After a slow start to the year amid economic weakness in Western Canada, A&W announced this week that same-store sales growth accelerated to 3.7 per cent in the third quarter, up from 0.7 per cent in the second quarter and negative 0.3 per cent in the first quarter. The company attributed the sales increase to the launch of natural root beer in July and to A&W's focus on "better ingredients" such as beef raised without added hormones or steroids.

As long as A&W's same-store sales continue to rise – prior to 2017, they had grown for 15 consecutive quarters – I expect we'll see further distribution hikes. The fact that A&W is aiming to expand aggressively also augurs well for investors.

With about 900 restaurants currently, the company is aiming to add more than 200 franchises by the end of 2020, focusing on Ontario, Quebec and Atlantic Canada to complement its larger footprint in Western Canada. As new restaurants are added to the royalty pool annually, the fund's royalty income should grow. (For an explanation of how these restaurant "vend-ins" work, read my column on Pizza Pizza Royalty Corp.)

In a note following the third-quarter results, Laurentian Bank Securities analyst Elizabeth Johnston, who has a "hold" rating on the units, projected that A&W will raise its distribution by 4.7 per cent in 2018 and 2 per cent in 2019.

Here's another nice thing about dividend increases: They are often accompanied by share price gains. On the day the hikes were announced, Fortis rose about 1 per cent and A&W leaped nearly 3 per cent.

Overall, my portfolio has gained more than 2 per cent in its first two weeks. These are early days, but I'm pleased with the performance so far.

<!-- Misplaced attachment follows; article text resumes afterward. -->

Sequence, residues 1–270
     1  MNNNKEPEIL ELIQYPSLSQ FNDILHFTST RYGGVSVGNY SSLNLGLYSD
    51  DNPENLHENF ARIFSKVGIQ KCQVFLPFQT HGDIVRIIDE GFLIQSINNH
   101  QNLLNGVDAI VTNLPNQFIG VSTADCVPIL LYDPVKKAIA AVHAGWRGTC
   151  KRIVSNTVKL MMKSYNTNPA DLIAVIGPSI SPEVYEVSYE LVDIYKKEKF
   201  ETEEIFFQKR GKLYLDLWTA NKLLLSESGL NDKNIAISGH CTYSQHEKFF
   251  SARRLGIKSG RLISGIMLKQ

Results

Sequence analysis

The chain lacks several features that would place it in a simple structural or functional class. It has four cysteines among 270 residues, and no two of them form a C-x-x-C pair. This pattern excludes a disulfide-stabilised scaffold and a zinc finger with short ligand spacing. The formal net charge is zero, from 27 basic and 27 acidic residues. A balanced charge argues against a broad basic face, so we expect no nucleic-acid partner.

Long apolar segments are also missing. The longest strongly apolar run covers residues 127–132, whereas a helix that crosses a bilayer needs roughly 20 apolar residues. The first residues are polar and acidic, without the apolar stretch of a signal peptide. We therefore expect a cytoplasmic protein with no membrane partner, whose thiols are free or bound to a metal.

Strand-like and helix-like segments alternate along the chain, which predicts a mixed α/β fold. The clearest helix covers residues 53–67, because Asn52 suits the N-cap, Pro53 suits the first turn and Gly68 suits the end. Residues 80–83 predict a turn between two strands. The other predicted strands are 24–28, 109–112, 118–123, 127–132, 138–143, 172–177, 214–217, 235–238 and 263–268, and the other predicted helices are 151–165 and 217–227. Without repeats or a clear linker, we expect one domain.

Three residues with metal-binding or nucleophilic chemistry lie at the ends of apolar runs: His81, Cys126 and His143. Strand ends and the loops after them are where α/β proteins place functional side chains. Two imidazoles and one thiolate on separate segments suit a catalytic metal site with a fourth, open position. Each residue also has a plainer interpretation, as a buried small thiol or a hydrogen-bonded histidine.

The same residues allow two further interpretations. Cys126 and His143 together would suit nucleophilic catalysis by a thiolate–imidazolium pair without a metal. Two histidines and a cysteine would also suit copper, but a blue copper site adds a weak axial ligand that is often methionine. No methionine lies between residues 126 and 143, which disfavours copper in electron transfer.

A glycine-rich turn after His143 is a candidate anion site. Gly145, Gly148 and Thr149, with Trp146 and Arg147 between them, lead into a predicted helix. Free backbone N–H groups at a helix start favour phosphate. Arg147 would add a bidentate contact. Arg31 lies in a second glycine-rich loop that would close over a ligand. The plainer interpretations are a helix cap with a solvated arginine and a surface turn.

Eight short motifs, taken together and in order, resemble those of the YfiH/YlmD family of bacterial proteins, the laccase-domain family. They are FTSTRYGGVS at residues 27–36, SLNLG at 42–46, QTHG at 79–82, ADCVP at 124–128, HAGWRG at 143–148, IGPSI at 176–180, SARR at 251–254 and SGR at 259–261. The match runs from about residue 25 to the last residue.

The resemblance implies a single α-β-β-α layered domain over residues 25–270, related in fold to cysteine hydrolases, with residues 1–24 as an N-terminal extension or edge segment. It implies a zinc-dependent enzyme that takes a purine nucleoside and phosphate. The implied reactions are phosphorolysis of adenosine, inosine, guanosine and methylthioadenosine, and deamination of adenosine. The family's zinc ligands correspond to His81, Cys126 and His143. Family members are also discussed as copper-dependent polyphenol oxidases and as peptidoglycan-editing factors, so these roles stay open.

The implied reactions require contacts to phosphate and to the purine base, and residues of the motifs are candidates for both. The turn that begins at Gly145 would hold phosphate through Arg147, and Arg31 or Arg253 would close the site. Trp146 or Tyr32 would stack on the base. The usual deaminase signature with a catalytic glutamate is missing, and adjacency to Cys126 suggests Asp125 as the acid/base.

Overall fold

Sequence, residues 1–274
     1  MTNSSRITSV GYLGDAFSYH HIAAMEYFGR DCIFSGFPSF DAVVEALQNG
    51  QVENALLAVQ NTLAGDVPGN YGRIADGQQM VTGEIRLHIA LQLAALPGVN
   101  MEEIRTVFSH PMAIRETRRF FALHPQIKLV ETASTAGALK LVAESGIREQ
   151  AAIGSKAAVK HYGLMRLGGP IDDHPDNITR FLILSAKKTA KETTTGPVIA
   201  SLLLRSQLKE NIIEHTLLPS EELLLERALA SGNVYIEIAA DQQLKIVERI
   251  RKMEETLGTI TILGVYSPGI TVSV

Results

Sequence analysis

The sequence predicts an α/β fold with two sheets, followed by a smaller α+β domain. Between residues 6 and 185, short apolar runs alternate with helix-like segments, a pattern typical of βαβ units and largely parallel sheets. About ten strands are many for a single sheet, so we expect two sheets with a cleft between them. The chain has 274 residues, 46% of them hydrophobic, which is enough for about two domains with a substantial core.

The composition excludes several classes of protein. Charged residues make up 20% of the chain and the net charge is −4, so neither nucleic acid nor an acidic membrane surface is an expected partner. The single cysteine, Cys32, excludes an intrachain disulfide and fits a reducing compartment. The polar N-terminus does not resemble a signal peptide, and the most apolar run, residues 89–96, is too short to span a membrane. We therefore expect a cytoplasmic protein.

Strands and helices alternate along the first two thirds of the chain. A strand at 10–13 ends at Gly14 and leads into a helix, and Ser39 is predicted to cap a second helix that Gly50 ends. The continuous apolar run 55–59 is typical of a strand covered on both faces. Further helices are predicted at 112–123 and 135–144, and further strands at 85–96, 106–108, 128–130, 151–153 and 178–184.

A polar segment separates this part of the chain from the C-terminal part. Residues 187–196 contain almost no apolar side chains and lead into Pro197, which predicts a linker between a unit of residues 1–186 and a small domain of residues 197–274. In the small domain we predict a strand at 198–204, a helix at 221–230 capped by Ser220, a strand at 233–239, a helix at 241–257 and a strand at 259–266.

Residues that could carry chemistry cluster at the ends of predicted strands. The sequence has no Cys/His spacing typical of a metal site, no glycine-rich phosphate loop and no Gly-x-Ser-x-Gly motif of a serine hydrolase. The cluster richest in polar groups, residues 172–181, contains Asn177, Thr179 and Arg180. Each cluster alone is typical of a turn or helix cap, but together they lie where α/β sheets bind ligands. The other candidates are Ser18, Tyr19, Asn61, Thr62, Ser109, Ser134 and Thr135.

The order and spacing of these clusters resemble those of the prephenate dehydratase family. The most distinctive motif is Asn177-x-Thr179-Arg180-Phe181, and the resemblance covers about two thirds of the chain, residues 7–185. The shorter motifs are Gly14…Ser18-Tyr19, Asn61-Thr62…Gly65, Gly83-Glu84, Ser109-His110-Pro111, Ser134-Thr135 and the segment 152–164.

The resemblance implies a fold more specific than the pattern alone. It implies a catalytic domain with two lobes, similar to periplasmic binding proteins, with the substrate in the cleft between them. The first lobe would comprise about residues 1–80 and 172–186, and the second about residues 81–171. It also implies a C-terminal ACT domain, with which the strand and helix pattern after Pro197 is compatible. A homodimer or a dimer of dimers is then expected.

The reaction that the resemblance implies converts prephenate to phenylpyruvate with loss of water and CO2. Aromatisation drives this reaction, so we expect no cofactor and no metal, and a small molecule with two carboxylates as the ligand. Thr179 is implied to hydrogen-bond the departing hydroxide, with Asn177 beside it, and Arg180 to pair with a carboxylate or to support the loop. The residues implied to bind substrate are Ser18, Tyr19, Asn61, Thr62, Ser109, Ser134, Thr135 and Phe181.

Disclosure: John Heinzl personally owns all 22 securities in his Yield Hog model dividend portfolio, including FTS and AW.UN

Story continues below advertisement

Report an error Editorial code of conduct
Comments

Welcome to The Globe and Mail’s comment community. This is a space where subscribers can engage with each other and Globe staff. Non-subscribers can read and sort comments but will not be able to engage with them in any way. Click here to subscribe.

If you would like to write a letter to the editor, please forward it to letters@globeandmail.com. Readers can also interact with The Globe on Facebook and Twitter .

Welcome to The Globe and Mail’s comment community. This is a space where subscribers can engage with each other and Globe staff. Non-subscribers can read and sort comments but will not be able to engage with them in any way. Click here to subscribe.

If you would like to write a letter to the editor, please forward it to letters@globeandmail.com. Readers can also interact with The Globe on Facebook and Twitter .

Welcome to The Globe and Mail’s comment community. This is a space where subscribers can engage with each other and Globe staff.

We aim to create a safe and valuable space for discussion and debate. That means:

  • Treat others as you wish to be treated
  • Criticize ideas, not people
  • Stay on topic
  • Avoid the use of toxic and offensive language
  • Flag bad behaviour

Comments that violate our community guidelines will be removed.

If your comment doesn't appear immediately it has been sent to a member of our moderation team for review

Read our community guidelines here

Discussion loading…

Due to technical reasons, we have temporarily removed commenting from our articles. We hope to have this fixed soon. Thank you for your patience. If you are looking to give feedback on our new site, please send it along to feedback@globeandmail.com. If you want to write a letter to the editor, please forward to letters@globeandmail.com.